Monty Hall Problem

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Monty Hall Problem

The problem I am about to give is a problem one is usually given in a Probability class:

 

You go to Monty Hall for a game.  The game composes three doors.  One door has a million dollars behind it, the other two are empty.  You get two chances, the first one and then the second one after the host has opened a different door.  You pick a door, and the host opens a different door showing that it is empty.  Assuming you want the million, should you switch, or should you stay with your first choice?  Explain. (I hope I explained this well enough).

While it can be reasoned out without an appeal to Bayes Theorem, if you want a more rigorous defence of your choice, using Bayes Theorem will give you the correct answer. 

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There is an ongoing debate

There is an ongoing debate about this on You Tube. I'm not great with math so I get a little lost.

I would say it makes no difference because I think the paradox skips the option that you picked the correct door to begin with. 


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Ig wrote: There is an

Ig wrote:
There is an ongoing debate about this on You Tube.

Don't listen to the people on youtube.  I have seen some of the comments about things.  A few smart people, a whole bunch of morons.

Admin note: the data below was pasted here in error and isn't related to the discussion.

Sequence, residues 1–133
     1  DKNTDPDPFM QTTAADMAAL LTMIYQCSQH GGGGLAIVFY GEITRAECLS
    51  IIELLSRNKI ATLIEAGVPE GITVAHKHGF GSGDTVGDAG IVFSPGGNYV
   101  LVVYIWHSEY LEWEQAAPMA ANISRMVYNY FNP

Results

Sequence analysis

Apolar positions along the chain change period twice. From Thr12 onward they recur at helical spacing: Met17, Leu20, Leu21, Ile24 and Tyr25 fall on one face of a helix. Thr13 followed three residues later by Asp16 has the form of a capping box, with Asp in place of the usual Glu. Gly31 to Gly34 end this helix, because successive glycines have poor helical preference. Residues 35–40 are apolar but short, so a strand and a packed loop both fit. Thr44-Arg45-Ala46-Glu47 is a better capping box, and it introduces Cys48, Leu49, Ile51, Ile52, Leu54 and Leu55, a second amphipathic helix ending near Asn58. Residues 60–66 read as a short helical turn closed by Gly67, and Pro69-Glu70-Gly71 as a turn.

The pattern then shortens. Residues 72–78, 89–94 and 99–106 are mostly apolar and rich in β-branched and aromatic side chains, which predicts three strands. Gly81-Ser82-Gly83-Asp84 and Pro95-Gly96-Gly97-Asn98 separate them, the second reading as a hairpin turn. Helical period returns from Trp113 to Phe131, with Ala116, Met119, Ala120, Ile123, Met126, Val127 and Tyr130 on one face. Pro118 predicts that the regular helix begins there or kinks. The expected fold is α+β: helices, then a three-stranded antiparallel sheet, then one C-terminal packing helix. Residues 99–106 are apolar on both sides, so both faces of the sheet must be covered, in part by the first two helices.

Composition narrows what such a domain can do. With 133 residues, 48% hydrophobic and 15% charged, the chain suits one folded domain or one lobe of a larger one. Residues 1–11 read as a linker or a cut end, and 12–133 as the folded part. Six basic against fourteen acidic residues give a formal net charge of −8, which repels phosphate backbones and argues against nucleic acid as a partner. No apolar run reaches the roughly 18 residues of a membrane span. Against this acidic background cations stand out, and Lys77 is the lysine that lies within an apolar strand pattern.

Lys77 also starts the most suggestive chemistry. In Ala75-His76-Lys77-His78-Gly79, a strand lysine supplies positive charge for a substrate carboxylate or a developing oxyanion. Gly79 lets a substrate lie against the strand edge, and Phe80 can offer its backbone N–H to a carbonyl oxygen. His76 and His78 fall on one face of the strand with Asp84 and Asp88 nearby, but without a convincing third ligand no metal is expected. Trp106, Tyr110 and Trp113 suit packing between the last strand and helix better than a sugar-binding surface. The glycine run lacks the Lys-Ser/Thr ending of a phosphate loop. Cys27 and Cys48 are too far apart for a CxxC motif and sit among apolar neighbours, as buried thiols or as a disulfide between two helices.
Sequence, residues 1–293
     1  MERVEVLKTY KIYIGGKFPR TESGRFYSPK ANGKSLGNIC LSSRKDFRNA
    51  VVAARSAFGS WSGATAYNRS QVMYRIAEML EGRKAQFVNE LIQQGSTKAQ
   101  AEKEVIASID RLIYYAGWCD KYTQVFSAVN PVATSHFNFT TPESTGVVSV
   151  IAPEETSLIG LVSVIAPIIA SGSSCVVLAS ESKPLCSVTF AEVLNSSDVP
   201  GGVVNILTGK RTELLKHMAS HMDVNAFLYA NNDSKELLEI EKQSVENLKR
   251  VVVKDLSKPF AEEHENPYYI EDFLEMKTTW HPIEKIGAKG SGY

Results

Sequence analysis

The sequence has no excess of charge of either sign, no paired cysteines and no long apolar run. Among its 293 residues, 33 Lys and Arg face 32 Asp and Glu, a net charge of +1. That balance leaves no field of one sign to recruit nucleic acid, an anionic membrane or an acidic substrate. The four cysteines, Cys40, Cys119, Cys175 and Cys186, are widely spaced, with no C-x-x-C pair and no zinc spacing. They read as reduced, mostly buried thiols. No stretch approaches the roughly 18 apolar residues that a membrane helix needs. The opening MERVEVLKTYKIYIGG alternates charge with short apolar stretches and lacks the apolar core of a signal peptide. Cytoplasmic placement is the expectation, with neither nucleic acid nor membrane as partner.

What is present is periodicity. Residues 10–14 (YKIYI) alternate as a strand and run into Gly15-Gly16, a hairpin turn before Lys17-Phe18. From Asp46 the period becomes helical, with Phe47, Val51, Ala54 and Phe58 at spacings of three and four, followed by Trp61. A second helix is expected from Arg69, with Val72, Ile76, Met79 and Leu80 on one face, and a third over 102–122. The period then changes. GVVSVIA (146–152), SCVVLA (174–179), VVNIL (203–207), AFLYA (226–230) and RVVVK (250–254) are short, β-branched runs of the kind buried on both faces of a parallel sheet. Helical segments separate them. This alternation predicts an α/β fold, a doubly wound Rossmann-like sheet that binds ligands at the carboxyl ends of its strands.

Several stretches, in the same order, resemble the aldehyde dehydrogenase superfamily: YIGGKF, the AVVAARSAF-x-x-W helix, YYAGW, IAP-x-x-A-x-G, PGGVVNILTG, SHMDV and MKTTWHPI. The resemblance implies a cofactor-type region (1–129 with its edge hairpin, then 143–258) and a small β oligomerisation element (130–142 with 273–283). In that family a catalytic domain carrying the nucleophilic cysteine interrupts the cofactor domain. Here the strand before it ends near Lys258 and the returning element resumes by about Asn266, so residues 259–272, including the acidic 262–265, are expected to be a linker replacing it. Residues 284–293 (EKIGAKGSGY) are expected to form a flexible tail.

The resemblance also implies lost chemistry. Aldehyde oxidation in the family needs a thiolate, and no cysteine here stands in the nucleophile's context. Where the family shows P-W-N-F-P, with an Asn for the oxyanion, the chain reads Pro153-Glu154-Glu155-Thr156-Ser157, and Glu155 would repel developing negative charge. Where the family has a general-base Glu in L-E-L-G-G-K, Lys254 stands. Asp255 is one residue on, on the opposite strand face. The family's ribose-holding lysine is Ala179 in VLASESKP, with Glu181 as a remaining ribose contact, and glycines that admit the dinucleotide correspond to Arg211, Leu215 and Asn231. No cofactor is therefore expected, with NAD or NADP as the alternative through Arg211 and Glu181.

Ig wrote:
I would say it makes no difference because I think the paradox skips the option that you picked the correct door to begin with.

Nope.  The correct answer is to switch.  The reasoning is as follows:  There are three doors, one which has a prize and two that are empty.  Now, the probability that you picked the wrong door is 2/3, while the probability that you picked the right door is obviously 1/3.  Since you have a 2/3's chance of being wrong the first time, you should switch.  Since Monty is going to open an empty door, and since you probably picked an empty door, the prize will be in the unopened door...in all probability. 

Alot of people have the intuition that since there would be only two doors left, the probability is 1/2.  However, this fails to take into consideration the fact that your first choice was probably an empty door. 

"In the high school halls, in the shopping malls, conform or be cast out" ~ Rush, from Subdivisions


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I used to watch the show

I used to watch the show when I was a kid and dont recall. Did he offer the switch all the time?


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Ig wrote: I used to watch

Ig wrote:
I used to watch the show when I was a kid and dont recall. Did he offer the switch all the time?